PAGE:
What is the --release flag in the Java 9 compiler?
--release X is more than just a shortcut to
-source X -target X because
-target are not sufficient to safely compile to an older release. You also need to set a
-bootclasspath flag which must correspond to the older release (and this flag is often forgotten). So, in Java 9 they made a single
--release flag which is a replacement for three flags:
So, this is an example of compiling to Java 1.7:
javac --release 7 <source files>
Note that you don't even need to have JDK 7 installed on your computer. JDK 9 already contains the needed information to prevent you from accidental linking to symbols that did not exist in JDK 7.
Another important difference is that you can only use public APIs when compiling with
> javac --add-exports java.base/sun.invoke=ALL-UNNAMED --release 11 Main.java error: exporting a package from system module java.base is not allowed with --release 1 error
If you want to use internal APIs, you have to remove the option
> javac --add-exports java.base/sun.invoke=ALL-UNNAMED Main.java
> javac --add-exports java.base/sun.invoke=ALL-UNNAMED -source 11 -target 11 Main.java
JEP 247: Compile for Older Platform Versions defines this new command-line option,
We defined a new command-line option,
--release, which automatically configures the compiler to produce class files that will link against an implementation of the given platform version. For the platforms predefined in
--release Nis equivalent to
-source N -target N -bootclasspath <bootclasspath-from-N>. (emphasis mine)
So no, it is not equivalent to
-source N -target N. The reason for this addition is stated in the "Motivation" section:
javacprovides two command line options,
-target, which can be used to select the version of the Java language accepted by the compiler and the version of the class files it produces, respectively. By default, however,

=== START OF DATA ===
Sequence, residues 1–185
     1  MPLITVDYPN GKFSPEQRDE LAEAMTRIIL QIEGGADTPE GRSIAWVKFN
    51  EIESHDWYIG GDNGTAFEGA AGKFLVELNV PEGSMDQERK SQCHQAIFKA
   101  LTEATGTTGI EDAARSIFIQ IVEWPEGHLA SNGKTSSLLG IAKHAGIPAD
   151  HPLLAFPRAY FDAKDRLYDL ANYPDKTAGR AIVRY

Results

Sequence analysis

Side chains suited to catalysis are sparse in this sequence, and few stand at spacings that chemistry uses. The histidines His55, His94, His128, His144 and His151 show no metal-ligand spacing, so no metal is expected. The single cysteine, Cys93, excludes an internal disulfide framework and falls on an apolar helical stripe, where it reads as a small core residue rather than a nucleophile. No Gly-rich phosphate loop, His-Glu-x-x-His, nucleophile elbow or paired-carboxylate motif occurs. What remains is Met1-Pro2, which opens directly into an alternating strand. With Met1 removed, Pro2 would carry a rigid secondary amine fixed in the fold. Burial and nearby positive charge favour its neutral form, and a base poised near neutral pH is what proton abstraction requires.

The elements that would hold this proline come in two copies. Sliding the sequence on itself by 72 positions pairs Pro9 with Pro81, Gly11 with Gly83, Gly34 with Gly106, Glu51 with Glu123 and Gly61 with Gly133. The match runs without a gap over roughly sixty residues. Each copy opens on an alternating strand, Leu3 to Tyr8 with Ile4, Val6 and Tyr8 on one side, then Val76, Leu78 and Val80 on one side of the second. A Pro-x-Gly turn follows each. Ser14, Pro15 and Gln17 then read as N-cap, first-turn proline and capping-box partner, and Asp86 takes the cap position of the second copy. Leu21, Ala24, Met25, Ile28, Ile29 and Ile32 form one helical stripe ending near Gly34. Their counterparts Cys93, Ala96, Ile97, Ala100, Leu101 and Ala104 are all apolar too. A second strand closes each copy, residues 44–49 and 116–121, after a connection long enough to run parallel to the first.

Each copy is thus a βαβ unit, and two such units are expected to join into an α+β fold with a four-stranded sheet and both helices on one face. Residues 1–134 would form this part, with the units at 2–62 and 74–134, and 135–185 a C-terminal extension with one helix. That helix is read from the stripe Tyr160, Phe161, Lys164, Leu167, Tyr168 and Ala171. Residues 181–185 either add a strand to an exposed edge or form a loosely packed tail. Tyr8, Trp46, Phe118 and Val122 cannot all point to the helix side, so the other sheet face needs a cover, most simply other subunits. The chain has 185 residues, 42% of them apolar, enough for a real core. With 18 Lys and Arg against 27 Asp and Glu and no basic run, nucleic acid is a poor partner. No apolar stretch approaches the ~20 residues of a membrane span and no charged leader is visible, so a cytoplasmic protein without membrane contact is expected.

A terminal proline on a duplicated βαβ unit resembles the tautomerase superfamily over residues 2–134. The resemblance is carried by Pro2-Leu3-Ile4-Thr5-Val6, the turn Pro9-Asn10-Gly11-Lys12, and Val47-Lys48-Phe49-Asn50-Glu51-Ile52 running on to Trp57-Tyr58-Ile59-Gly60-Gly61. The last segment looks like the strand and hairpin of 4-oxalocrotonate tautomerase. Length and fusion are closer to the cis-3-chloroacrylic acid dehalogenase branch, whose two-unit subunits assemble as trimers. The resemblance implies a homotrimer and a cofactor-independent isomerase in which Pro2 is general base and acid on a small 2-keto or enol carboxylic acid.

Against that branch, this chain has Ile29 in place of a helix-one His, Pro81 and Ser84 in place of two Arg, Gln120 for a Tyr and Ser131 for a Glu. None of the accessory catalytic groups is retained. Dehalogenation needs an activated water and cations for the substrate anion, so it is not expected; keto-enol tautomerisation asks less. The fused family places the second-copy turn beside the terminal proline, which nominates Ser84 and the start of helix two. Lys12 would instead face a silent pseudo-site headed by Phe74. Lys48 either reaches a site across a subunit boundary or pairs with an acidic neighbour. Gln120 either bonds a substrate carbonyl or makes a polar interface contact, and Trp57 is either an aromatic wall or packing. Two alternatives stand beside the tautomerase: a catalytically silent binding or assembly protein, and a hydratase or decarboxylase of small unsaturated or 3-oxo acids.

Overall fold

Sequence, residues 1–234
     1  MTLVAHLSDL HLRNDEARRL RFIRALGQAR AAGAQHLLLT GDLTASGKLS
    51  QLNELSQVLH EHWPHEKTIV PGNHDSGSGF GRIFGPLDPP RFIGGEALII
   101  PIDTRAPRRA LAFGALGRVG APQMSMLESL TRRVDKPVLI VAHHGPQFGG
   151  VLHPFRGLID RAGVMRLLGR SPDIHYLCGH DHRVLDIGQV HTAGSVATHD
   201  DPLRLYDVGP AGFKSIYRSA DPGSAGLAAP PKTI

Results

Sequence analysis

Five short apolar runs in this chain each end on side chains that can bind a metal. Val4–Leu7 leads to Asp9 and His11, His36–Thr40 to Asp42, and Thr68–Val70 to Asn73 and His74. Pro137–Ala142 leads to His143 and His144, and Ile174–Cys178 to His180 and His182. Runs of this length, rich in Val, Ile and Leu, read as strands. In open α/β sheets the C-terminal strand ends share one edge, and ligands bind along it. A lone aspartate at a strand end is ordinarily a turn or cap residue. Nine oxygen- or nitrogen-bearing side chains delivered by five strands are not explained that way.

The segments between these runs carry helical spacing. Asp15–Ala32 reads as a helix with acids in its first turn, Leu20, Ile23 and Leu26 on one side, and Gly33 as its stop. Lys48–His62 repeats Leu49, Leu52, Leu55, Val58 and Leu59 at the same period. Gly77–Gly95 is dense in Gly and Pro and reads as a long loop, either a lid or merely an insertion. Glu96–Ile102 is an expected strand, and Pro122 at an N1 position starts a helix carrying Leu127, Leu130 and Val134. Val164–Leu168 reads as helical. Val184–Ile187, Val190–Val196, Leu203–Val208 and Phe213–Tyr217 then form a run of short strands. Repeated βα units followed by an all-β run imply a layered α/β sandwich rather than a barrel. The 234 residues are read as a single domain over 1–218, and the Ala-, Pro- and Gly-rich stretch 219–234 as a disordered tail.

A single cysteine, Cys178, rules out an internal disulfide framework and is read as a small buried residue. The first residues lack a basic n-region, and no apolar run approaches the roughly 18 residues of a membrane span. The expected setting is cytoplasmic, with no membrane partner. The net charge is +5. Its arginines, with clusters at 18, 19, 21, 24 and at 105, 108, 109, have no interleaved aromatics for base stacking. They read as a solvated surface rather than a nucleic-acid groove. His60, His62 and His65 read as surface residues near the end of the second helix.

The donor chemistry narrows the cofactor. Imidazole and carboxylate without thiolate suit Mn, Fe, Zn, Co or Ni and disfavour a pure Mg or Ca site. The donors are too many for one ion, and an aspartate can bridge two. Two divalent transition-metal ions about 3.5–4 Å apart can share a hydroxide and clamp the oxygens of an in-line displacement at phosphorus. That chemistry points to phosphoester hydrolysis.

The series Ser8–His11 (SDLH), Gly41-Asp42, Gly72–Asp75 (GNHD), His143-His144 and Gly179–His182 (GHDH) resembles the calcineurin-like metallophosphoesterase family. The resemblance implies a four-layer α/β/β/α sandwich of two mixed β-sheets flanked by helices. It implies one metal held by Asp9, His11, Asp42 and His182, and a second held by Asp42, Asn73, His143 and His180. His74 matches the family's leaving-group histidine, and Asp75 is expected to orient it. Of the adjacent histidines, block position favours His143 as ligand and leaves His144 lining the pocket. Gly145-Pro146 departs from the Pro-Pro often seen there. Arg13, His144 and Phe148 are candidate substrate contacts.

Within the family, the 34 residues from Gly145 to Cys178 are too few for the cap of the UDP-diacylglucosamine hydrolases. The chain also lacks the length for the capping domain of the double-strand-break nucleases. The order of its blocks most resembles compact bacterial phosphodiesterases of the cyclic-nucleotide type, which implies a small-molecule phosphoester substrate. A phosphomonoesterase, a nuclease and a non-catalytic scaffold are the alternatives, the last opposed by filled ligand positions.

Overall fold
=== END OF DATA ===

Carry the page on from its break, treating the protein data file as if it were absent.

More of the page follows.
javaccompiles against the most-recent version of the platform APIs. The compiled program can therefore accidentally use APIs only available in the current version of the platform. Such programs cannot run on older versions of the platform, regardless of the values passed to the
-target. options. This is a long-term usability pain point, since users expect that by using these options they'll get class files that can run on the specified platform version.
In short, specifying the source and target options are not sufficient for cross-compilation. Because
javac, by default, compiles against the most recent of the platform APIs, they can't be guaranteed to run on older versions. You also need to specify the
-bootclasspath option corresponding to the older version to cross-compile correctly. This would include the correct API version to compile against and allow for execution on older version. Since it was very often forgotten, it was decided to add one command line option which did all the necessary things to correctly cross-compile.
Further reading in the mailing list and Oracle Docs. The original bug was filed here. Note that since the integration of this option, JDK builds have come bundled with descriptions of the platform APIs of older releases, mentioned under section "Risks and Assumptions". That means you don't need the older version installed on your machine for cross-compilation to work.